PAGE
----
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Belarmino is a 1964 Portuguese docufiction. It charts the life and times of ex-boxer Belarmino Fragoso. It is one of the first films of the Portuguese Cinema Novo, itself part of a wave of New Cinemas sweeping the world in the 1960s, and a break from the previous tradition of Portuguese cinema exemplified by the comédia à portuguesa. Lopes's film was shown at the festivals of Pesaro and Salso-Poretta in Italy, garnered favourable reviews throughout Europe and won the Prémio da Casa da Imprensa back in Portugal.
|Directed by||Fernando Lopes|
|Produced by||António da Cunha Telles|
|Music by||Manuel Ruas|
|Distributed by||Produções Cunha Telles|
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Belarmino comprises two strands: an experiential and an interview strand, and constantly alternates between the two. Although these are carefully intertwined on both the sound and image track, they can be separated for ease of discussion.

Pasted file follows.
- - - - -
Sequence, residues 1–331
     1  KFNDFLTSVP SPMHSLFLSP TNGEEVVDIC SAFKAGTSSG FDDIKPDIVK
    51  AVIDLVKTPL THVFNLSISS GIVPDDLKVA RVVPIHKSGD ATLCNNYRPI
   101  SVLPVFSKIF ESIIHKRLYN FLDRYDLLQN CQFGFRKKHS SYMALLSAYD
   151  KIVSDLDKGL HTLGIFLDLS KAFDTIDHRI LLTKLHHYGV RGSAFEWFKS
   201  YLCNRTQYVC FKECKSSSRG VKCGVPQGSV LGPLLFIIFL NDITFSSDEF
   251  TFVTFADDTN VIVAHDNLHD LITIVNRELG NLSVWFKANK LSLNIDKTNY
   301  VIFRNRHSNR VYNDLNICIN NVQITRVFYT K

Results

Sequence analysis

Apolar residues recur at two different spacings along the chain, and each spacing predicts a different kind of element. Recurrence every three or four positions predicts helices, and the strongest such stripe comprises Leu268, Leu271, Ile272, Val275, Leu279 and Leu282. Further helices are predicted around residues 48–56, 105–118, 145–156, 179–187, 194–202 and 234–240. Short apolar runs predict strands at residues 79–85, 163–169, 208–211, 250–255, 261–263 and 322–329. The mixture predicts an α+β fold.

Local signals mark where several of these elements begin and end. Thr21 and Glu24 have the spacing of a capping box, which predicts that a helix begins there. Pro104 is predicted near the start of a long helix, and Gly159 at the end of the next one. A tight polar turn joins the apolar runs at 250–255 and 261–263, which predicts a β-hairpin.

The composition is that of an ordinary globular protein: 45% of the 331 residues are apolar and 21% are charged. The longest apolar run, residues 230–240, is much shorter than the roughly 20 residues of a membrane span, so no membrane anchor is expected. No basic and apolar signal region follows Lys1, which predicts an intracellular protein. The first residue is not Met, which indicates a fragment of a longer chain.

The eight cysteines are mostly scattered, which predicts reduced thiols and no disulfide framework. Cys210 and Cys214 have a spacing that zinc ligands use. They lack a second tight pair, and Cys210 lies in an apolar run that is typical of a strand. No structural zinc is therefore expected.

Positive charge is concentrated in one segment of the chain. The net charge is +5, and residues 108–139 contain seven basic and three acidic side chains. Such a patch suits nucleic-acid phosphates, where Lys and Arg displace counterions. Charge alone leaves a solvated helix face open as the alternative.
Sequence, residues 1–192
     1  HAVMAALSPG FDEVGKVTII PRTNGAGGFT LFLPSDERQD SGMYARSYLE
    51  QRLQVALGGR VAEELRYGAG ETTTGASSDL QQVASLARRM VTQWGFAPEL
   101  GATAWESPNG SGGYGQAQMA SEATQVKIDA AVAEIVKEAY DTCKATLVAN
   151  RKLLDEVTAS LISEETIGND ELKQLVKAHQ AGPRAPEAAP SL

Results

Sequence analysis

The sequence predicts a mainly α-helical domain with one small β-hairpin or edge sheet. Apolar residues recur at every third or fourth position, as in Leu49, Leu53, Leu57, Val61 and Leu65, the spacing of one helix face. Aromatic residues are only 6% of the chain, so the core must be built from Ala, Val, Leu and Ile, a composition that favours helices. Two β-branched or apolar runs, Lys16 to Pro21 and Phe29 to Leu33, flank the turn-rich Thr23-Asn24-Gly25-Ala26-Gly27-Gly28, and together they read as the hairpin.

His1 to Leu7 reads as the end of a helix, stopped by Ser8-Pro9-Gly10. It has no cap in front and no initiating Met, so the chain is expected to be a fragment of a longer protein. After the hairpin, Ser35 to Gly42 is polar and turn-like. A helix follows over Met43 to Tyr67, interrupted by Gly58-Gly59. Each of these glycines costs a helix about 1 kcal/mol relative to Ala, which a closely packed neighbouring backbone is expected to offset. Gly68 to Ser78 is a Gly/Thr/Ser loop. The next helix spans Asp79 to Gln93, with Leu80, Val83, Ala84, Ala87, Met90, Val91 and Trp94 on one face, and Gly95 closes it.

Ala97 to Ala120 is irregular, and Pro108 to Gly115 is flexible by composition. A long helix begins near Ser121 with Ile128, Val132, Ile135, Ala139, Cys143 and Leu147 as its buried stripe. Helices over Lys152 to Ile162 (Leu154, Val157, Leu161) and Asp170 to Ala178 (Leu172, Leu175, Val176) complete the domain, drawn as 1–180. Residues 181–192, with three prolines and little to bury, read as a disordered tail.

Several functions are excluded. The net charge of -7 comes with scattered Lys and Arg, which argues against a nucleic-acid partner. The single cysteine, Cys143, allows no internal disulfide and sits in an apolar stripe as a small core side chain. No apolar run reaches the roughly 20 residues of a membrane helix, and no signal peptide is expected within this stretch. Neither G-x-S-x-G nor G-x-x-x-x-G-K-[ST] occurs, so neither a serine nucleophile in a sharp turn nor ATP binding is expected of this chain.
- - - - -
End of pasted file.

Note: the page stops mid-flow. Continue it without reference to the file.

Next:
The Experiential StrandEdit
The Experiential Strand is principally concerned with registering Fragoso's current and former activities. After the opening credits, in which we see a montage of stills of Belarmino taken in the streets of Lisbon, there follows a sequence showing the ex-boxer at a training session in his former boxing club. We are shown scenes of the daily domestic routine of Fragoso and his wife at their home in the Rua Barros Queirós, which seems at once both fragile and tranquil. We later see them eating at a casa de pasto with their daughter. We also see footage shot at the Grupo Desportivo da Mouraria, a small neighbourhood association where Belarmino first began to box and where he met the man who was to manage him for the most part of his career: Albano Martins. Here youths who are presumably the next generation of hopeful boxers train against a backdrop filled with the paraphernalia of traditional neighbourhood life.